The Bears Halt The Bullish Advance...
6/24/2014 8:39:38 AM
Equity indexes pull back on light volume...
Recommendation: Take no action.
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Long DIA at $161.48 as of December 19, 2013
Long QQQ at $85.99 as of December 19, 2013
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Long SDRL at $33.90 on June 15, 2012 (Shares were put to us when options expired.
We were paid $1.10 per share when we sold those options and bought shares for
$35.00 each.) We have collected dividends: June 10, 2014 $1.00, March 5, 2014
$0.98, December 3, 2013 $0.95, September 5, 2013 $0.91, June 5, 2013 $0.88,
$1.70 Dec 4, 2012, $0.84 Sep 4, 2012. Total = $6.28 in dividend payments.
Short FXE at $124.19 on August 24, 2012
Long UUP at $22.43 on August 24, 2012
Short FXE at $134.48 on October 4, 2013
Long SDRL at $35.43 on Feb 18, 2014
Long SDRL at $33.50 on March 21, 2014 (Shares were put to us when options expired. We were paid $1.50 per share when we sold those options and bought the shares for $35.00 each.) We have collected dividends: June 10, 2014 $1.00.
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Equities traded in a narrow range on ultralight volume. The Dow finished nine points lower and the S&P-500 a miniscule amount lower. The NASDAQ-100 finished three points higher. While the bears were only able to hold the major indexes in place, they faired better versus other equity indexes with the Russell-2000 (IWM 118.02 -0.23), the Dow Jones Transports (IYT 146.32 -1.00), and the Semiconductor Index (SOX 633.12 -2.29) all closed fractionally lower. The Bank Index (KBE 33.39 -0.04), the Regional Bank Index (KRE 40.09 -0.34), and the Finance Sector ETF (XLF 22.88 +0.05) moved in mixed fashion. All equity indexes we regularly monitor are in uptrend states with the noted exception of the transports which shifted to a trading state. All remain above their respective 20-, 50-, and 200-Day Moving Averages (DMAs) and all maintain a BULLISH BIAS. Longer Term Bonds (TLT 111.45 -0.35) fell fractionally. It remains below its 20-DMAand 50-DMAs but is still above its 200-DMA. It has a NEUTRAL BIAS and maintains a trading state. Trading volume fell sharply to a light 572M shares traded on the NYSE. Trading volume on the NASDAQ also fell sharply to a light 1.699B shares traded.
There was a single economic report of interest released:
• Existing Homes Sales (May) came in at 4.89M versus an expected 4.80M
The report was released a half hour into the session.
Apple (AAPL 90.83 -0.08) posted a modest loss. It has been falling since a 7:1 stock split on June 8th. AAPL constitutes about 20 percent of the NASDAQ-100 and nearly five percent of the S&P-500.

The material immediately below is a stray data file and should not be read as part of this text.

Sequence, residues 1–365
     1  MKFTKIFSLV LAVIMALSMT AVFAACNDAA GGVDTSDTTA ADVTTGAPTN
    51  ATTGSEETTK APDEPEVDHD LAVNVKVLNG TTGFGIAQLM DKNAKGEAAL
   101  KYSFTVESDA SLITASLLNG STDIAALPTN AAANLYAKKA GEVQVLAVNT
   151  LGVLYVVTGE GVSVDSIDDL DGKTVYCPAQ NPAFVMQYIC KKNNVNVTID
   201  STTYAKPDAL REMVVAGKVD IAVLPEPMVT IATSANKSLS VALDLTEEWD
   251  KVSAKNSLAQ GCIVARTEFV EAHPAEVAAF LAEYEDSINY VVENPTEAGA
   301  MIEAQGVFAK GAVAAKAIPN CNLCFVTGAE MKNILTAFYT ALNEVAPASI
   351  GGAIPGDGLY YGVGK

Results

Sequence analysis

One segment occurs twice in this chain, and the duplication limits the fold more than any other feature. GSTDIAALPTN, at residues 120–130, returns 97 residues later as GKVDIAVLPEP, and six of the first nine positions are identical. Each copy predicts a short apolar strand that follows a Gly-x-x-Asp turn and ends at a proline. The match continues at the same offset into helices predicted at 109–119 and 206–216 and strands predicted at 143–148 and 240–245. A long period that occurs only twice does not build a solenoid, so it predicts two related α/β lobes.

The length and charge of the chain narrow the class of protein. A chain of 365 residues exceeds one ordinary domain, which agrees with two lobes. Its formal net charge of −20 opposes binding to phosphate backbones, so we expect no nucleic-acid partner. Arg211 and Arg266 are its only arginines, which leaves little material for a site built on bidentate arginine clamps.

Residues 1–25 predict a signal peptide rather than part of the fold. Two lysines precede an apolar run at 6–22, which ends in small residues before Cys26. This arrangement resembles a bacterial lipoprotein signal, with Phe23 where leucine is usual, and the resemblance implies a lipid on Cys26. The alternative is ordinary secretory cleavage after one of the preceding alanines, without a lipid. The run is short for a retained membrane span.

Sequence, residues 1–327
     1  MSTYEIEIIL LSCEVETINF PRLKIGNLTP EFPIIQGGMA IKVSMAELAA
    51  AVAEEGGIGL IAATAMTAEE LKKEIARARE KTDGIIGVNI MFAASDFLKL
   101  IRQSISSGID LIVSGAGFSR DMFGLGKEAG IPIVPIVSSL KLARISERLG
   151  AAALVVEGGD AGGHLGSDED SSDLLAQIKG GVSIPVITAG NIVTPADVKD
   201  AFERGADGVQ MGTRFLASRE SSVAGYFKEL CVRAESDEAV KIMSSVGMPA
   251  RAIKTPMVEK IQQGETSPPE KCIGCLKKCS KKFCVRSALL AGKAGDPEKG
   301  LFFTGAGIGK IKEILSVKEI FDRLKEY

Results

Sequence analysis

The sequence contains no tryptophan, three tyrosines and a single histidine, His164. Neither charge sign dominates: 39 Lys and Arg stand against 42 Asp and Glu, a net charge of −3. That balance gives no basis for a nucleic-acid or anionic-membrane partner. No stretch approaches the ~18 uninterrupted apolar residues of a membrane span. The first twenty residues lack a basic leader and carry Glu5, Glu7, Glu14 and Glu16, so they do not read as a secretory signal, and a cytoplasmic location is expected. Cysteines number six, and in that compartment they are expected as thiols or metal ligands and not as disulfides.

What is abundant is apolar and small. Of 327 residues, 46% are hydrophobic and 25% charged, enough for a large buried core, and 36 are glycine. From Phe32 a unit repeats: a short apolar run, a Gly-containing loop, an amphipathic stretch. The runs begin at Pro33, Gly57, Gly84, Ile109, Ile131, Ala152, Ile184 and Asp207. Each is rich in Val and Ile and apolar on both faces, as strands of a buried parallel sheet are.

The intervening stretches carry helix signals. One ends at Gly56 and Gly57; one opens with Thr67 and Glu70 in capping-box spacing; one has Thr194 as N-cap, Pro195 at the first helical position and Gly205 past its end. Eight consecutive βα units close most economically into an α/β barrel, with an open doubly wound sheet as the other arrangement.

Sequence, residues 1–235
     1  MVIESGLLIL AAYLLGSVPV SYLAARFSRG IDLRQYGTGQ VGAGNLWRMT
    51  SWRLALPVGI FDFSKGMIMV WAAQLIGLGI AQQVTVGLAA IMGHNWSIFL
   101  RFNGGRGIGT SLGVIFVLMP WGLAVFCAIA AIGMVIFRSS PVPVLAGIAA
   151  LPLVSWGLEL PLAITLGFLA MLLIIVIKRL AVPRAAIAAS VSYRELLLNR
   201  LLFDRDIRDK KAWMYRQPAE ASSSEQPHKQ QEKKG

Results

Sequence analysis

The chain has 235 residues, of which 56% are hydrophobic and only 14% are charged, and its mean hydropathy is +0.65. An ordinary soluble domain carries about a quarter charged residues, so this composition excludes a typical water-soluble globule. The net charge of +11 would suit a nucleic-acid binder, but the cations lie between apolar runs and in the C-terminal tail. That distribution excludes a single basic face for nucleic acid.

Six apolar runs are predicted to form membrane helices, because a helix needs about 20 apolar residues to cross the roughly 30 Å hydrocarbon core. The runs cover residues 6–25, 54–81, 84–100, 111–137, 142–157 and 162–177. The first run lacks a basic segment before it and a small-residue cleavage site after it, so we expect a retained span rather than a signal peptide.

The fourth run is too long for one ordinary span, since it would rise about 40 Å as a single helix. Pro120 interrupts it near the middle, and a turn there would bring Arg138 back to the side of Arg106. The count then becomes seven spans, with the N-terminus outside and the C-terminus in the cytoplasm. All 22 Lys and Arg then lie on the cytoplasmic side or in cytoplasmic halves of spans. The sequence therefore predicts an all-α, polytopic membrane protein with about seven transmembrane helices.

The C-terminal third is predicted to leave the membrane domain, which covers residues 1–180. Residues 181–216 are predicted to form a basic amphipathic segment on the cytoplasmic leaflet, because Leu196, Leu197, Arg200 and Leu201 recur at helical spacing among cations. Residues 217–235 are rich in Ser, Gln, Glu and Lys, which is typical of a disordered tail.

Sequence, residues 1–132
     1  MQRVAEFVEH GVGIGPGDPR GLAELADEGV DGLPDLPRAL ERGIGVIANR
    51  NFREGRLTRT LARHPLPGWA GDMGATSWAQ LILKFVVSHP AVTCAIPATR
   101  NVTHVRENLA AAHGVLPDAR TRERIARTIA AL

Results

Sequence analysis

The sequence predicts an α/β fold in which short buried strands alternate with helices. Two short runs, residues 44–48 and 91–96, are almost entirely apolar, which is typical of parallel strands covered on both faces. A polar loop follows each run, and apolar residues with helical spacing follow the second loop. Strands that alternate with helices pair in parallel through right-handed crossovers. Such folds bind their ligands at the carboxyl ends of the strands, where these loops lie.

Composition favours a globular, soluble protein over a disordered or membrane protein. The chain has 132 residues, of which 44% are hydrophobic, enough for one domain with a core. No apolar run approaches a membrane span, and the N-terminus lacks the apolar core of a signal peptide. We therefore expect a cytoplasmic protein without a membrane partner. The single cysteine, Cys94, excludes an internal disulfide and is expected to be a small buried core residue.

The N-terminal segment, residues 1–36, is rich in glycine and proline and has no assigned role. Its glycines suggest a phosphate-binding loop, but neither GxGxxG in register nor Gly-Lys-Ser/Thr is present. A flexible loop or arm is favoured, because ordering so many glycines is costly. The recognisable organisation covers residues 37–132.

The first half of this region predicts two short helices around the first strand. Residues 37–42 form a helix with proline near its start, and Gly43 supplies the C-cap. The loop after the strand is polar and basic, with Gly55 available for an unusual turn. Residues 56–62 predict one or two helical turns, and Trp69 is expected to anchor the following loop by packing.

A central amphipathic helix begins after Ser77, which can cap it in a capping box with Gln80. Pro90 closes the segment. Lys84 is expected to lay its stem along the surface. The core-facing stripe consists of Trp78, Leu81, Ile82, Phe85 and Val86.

Seadrill Limited (SDRL 40.37 +0.27) added a fractional gain. The next target remains $40.96, it's closing price on the last trading day of 2013. It is in an uptrend state. We sold March 2014 $35.00 put contracts for $150 at the open on Feb 18th, 2014 and bought shares at $35.43. The stock is now trading ex-dividend for $0.98 and one dollar for total dividends issued of $1.98. The stock fell back to just below its 200-DMA. The shares were put to us at $35.00 less the $1.50 per share we were paid for the puts, so we have an effective price of $33.50.
The U.S. dollar fell two tenths of one percent while the Euro was nearly unchanged. The dollar continues to hover below its 200-DMA. The Euro is plumbing the depths at its recent lows. It closed well below its 200-DMA.
The yield for the 10-year treasuries was unchanged for the third session at 2.62. The price of a barrel of crude oil fell sisty-six cents at $106.17.
The implied volatility for the S&P-500 (VIX 10.98 +0.13) rose one percent. The implied volatility for the NASDAQ-100 (VXN 12.30 +0.03) closed flat hovering at a multi-year low not seen since before the financial crisis. What does it mean? It means that there is a remarkable amount of complacency out there.
Market internals were mixed. Decliners led advancers narrowly on the NYSE and by nearly 5:4 on the NASDAQ. Up volume led down volume narrowly on both the NYSE and the NASDAQ. The index put/call ratio rose +0.02 to close at 0.86. The equity put/call ratio rose +0.02 to close at 0.54.
Monday saw the bears probe the bulls on lackluster volume, and the bulls bought late in the day to force a basically flat close for the major indexes, but most other equity indexes closed fractionally lower. This is healthy for a bull market to work off overbought conditions and generally, the safest time to buy stocks is after a light volume pullback, preferably one that lasts a few days and doesn't do any real technical damage. So far, we do not have any warning signs that this will be more than that. Until we do, we will remain long.
We hope you have enjoyed this edition of the McMillan portfolio. You may send comments to firstname.lastname@example.org.